Knee injury is common in any type of sports. Athletes of the NFL experience knee injuries. The NBA players get them too. To bodybuilders, knee injuries are as common as protein shakes. Let us pry into the bodybuilding sport and find out what are the most common knee injuries that bodybuilders experience.
1. Patellar Tendon Strain
This frontal knee injury is perhaps the most common knee injury that may happen to a bodybuilder. The tendon, which is an important part of the knee (it enables movement) may be strained due to repetitive activities. These activities can be as simple as cardio runs, or the traditional squats. Excessive workouts also proved to be the cause of patellar tendon strain. This strain may cause torn in fibers, resulting in pain whenever the knee is used. You need to get into the ER as soon as you find out that you have a torn tendon because you need a surgery to repair it. After the surgery, you need to use crutches or a wheelchair to avoid putting weight through the injured leg.
2. Pre-patellar Bursitis
As with the shoulder, the bursa also protects the knee cap. It is a sac filled with fluid, which is situated between the bone and the skin. Inflamed bursa will cause swelling over your kneecap. This injury is called the pre-patellar bursitis or “the housemaid knee” (housemaids often have to kneel down to scrub dirty floors, causing pressure on the front part of the knee). The bursa can be inflamed due to repeated pressure on the front of the knee. That’s why you need to do your squats and lunges the proper way. If you damage the bursa, you won’t even be able to work out. Prevention is thus the best measure. Treatment for bursitis involves draining of extra liquid in the bursa that causes the swelling. In more extreme cases, the bursa is removed to eliminate the problem. You will get a leg cast after the procedure, which can only be removed after approximately one month.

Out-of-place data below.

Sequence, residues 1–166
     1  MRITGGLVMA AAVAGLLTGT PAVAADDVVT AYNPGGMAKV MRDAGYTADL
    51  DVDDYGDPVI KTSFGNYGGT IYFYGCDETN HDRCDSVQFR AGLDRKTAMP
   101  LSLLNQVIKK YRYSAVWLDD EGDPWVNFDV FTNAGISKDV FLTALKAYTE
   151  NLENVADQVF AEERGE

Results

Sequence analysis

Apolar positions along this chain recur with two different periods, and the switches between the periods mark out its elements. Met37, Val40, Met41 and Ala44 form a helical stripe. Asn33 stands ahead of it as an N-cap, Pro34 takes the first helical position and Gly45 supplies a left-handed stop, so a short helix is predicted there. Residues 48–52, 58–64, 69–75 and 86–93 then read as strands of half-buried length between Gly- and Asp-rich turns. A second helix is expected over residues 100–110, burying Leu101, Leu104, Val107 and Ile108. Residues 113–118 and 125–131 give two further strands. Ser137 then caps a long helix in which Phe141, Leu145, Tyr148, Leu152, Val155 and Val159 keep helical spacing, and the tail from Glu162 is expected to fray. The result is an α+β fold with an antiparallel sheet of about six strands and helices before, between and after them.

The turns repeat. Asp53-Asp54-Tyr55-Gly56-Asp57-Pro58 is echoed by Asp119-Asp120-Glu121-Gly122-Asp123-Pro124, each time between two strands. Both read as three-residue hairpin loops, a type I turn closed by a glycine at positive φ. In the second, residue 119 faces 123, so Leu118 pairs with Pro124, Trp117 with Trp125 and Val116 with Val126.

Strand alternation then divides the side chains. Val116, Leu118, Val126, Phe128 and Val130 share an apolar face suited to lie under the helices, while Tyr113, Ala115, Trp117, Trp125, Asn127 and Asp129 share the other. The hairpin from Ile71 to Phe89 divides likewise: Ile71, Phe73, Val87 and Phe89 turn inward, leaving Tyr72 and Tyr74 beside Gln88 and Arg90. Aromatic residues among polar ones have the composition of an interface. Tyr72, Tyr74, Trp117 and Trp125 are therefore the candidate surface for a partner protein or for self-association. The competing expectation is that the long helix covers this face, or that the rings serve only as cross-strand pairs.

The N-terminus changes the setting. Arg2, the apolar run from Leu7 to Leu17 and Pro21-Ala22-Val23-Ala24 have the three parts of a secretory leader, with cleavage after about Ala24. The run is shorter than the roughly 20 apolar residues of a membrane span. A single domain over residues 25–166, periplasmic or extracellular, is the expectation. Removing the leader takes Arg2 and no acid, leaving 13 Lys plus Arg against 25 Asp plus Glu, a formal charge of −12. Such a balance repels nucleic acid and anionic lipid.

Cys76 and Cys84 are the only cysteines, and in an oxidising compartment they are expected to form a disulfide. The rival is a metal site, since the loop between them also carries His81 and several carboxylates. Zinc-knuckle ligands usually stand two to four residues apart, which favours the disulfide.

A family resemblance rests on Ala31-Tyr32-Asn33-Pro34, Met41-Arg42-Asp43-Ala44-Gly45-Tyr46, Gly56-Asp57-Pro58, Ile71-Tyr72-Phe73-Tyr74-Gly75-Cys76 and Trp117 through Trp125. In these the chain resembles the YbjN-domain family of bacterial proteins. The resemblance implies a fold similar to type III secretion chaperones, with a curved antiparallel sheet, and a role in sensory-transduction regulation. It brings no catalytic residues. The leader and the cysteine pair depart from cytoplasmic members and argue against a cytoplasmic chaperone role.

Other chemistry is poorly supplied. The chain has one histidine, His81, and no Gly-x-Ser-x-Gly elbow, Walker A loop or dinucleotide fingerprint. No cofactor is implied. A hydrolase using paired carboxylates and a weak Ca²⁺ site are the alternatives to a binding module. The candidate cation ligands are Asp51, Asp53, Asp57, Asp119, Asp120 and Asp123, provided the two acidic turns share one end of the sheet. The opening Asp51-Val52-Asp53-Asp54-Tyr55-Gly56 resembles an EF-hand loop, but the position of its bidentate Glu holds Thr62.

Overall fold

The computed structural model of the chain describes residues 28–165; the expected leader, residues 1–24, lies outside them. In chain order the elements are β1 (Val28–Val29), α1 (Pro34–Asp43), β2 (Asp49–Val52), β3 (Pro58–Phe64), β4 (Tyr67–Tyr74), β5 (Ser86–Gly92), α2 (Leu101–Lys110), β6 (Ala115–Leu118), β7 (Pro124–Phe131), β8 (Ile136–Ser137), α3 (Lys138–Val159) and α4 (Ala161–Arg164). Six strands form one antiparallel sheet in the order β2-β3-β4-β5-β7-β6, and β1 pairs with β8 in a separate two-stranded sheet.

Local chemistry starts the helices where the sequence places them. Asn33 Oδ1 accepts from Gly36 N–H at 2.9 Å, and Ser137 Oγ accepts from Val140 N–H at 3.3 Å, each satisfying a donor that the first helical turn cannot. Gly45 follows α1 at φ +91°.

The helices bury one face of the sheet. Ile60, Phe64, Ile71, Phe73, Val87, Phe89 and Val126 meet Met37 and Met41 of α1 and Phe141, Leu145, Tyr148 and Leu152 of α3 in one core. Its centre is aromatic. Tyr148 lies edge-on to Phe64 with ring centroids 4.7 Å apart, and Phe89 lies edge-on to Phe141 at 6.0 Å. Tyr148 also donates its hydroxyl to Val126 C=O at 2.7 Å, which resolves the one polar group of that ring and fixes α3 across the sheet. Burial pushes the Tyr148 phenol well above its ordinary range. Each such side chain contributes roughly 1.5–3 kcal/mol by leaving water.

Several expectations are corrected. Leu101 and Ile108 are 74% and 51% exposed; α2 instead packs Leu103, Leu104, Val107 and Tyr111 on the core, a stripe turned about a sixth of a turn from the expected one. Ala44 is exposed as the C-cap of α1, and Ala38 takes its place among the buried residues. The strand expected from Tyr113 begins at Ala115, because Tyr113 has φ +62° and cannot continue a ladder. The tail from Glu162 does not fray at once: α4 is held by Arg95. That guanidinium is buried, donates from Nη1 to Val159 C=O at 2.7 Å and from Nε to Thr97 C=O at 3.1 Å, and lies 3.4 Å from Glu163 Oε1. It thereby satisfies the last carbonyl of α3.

3. Knee cap dislocation
Sounds horrible right? Let us assure you that it feels equally horrible too. Medical reports indicate that this injury may happen to any age group; children, teenager as well as adults. Nevertheless, sportsmen are in the high-risk group. Sometimes, in older athletes, the dislocation can be severe that it needs to be manipulated back into place. In severe cases, doctors will propose to remove the kneecap to eliminate the problem. You will be given a special orthotic foot support to help you walk as usual.